Why we should not have the incinerator

The “Energy from Waste” facility at Battlefield – that’s the Incinerator to most of us.


Building work on the Battlefield incinerator is planned to start in January 2013.



What’s worrying about the incinerator?

WE DON’T NEED IT
•    It’s a horrendously expensive way of getting rid of our waste. The incinerator will have the capacity to burn 90,000 tonnes a year and must burn this quantity to achieve maximum efficiency. Shropshire only produces about 70,000 tonnes of black bag waste a year at the moment and that amount is expected to fall, as it has done year on year over several years.
•    The incinerator is an “energy from waste” facility – ie electricity will be produced from the waste. This sounds OK, but is a highly inefficient and expensive way of producing electricity.

AN INCINERATOR MAY DISCOURAGE RECYCLING
•    The incinerator must burn 90,000 tonnes a year to achieve maximum efficiency. Even though Veolia, according to their contract, are supposed to ensure maximujm recycling, there’s a worry that there will be less incentive to encourage recycling, because waste will be needed for the incinerator.

WE NEED ALL THE RESOURCES WE’VE GOT
•    We believe that valuable resources will be lost if our waste is burned. Many people think that we will be mining landfill sites in the near future. Biofuels are in short supply, and we can use all the wood, plastic and metals we can get. If they’re burnt, we can never recover them.

WE'RE CONCERNED ABOUT THE HEALTH IMPACTS
•    The European Union recognises that there are problems. In a couple of years new regulations will come in relating to emissions from incinerator chimneys. Veolia’s incinerator is old technology; it will be very expensive (a cost paid by Shropshire council-tax payers) to install the new technology.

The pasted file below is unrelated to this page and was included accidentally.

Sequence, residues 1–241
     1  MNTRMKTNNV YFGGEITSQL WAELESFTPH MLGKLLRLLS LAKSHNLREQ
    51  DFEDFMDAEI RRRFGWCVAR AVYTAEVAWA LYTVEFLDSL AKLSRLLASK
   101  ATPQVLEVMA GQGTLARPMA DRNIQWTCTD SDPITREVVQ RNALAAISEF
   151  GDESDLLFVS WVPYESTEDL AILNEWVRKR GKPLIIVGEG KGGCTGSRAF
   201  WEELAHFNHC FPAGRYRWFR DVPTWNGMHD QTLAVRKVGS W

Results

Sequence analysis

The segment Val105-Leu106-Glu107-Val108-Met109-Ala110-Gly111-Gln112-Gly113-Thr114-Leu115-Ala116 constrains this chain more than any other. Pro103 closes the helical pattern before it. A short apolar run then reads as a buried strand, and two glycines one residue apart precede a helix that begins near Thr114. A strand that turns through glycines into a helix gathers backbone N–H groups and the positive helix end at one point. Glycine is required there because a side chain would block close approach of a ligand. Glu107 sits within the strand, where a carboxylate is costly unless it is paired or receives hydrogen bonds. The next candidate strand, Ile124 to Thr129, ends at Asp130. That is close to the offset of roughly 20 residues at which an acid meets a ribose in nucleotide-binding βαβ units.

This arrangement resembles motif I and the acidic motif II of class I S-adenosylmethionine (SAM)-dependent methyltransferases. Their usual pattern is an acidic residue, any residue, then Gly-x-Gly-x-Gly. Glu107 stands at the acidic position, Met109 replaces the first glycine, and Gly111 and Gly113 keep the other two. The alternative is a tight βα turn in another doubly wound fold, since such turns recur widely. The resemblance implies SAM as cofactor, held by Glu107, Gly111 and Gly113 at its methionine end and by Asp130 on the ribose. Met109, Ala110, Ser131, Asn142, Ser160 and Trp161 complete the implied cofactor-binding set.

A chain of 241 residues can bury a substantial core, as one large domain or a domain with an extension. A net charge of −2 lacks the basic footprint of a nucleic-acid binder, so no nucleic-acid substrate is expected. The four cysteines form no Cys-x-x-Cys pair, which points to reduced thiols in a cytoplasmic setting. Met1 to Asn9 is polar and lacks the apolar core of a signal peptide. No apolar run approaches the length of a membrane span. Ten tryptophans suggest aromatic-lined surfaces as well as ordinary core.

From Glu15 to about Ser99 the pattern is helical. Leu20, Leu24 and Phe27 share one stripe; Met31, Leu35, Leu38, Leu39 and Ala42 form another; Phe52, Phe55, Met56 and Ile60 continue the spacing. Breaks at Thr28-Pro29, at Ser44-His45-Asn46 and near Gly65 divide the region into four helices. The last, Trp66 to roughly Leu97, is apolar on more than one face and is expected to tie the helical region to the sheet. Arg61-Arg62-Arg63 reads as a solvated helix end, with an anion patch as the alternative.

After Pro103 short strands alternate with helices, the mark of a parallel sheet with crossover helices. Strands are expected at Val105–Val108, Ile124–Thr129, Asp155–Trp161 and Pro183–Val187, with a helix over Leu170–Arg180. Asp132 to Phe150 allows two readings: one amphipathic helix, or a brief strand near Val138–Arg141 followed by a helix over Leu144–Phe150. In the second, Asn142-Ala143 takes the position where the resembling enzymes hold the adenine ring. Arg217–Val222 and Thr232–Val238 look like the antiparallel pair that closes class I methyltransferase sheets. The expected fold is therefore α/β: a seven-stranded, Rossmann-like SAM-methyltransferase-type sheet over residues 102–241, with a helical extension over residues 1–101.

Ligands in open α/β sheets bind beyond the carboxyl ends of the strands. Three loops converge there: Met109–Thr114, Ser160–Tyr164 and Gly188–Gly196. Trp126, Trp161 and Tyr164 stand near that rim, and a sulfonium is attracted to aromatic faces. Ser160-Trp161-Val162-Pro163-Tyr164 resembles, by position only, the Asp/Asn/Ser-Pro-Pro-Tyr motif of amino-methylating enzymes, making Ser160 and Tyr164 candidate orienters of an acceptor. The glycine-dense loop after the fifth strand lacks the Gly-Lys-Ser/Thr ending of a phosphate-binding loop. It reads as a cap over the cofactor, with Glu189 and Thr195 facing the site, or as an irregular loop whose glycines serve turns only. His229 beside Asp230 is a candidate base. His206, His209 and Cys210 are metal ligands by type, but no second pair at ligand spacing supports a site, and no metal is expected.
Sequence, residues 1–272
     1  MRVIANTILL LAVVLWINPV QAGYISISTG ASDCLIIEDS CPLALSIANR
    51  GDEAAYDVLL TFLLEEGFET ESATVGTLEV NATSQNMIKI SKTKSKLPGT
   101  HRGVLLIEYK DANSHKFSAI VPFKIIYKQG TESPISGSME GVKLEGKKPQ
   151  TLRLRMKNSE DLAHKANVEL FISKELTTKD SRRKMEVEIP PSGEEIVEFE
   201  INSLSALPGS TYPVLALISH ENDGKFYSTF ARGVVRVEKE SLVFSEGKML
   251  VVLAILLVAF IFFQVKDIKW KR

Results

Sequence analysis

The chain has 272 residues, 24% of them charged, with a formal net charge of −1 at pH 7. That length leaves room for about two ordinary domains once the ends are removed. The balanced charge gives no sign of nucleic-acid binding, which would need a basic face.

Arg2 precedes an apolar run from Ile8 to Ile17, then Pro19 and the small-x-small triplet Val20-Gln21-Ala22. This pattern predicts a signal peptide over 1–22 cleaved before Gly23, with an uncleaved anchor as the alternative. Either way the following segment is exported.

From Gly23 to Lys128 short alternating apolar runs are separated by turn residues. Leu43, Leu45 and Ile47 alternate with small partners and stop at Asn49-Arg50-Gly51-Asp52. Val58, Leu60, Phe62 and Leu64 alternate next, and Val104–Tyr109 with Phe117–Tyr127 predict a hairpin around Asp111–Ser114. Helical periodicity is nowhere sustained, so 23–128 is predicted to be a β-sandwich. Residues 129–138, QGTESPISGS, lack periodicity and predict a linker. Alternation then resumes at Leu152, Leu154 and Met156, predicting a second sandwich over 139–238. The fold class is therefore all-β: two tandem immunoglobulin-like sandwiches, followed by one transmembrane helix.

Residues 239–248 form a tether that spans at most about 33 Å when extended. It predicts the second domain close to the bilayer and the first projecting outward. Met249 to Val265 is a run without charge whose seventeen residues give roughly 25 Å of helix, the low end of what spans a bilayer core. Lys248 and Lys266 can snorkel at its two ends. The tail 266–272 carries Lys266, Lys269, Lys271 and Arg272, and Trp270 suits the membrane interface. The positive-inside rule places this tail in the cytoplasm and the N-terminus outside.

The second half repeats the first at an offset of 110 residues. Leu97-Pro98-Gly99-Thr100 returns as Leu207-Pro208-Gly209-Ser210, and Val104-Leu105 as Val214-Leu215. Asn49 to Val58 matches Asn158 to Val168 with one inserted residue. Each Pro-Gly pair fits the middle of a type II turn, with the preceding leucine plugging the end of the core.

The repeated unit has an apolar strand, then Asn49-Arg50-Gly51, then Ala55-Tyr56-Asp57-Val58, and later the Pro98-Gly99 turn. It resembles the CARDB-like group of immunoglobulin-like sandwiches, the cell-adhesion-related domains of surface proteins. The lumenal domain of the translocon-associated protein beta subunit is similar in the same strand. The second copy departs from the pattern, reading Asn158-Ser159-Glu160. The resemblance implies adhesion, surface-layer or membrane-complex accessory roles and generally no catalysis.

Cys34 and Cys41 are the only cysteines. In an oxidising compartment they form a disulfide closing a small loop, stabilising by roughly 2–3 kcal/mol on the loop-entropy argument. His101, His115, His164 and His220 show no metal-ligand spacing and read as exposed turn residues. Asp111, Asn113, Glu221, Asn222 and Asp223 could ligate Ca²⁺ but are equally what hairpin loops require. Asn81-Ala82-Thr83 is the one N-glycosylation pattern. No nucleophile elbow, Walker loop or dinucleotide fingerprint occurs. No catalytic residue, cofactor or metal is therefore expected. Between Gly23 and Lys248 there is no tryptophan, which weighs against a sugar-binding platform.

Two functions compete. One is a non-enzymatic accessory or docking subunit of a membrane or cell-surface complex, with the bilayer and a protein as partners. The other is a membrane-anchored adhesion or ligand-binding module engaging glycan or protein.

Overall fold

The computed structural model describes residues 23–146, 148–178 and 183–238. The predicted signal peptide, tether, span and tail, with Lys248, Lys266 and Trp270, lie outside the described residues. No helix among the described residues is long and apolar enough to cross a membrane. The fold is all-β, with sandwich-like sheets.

IT WILL BE HUGELY EXPENSIVE: THE MOST EXPENSIVE INCINERATOR PER TONNE OF WASTE IN THE UK
•    Veolia is using a PFI (private finance initiative) to fund the construction of the incinerator. So this loan will have to be paid off over the life of the incinerator (about 25 years) aswell as covering the running costs.
•    Veolia is expecting to attract commercial waste to make up the tonnage that Shropshire households don’t use. Also, the incinerator is an “energy from waste” facility – ie electricity will be produced from the waste which Veolia will be able to sell. This sounds OK, but is a highly inefficient and expensive way of producing electricity.
•    But THERE’S A HUGE SNAG. Shropshire Council has committed us council-tax payers to covering all Veolia’s costs if they don’t manage to get in enough money to cover running costs and repay the PFI loan.  If Veolia can’t attract enough commercial waste, or commercial companies can’t be persuaded to pay enough – WE PICK UP THE TAB.

What are the alternatives?


SORT AND RECYCLE/COMPOST
•    Our black bag waste should be sorted to extract all recyclable materials (some people still don’t separate their waste).
•    Food waste should be being composted. Veolia are intending to build a facility for “in vessel composting” near Telford. But they have waited 2 years so far to get the go ahead. They should be using other companies’ composting facilities.

BURN IF THERE’S NO ALTERNATIVE – ON A TEMPORARY BASIS
•    There are incinerators in other parts of the West Midlands/Staffordshire – so on a temporary basis it would be possible to burn our black bag waste there until other solutions are found.

USE NEW TECHNOLOGY ASAP TO RECYCLE BLACK BAG WASTE
•    Most importantly, Shropshire Council should be investigating the new technologies which are capable of recycling )0%+)of black bag waste (and commeòcIa$ easte) to produce building materials. This would be cheaper, cleaner and less wa3tefQl of resources.

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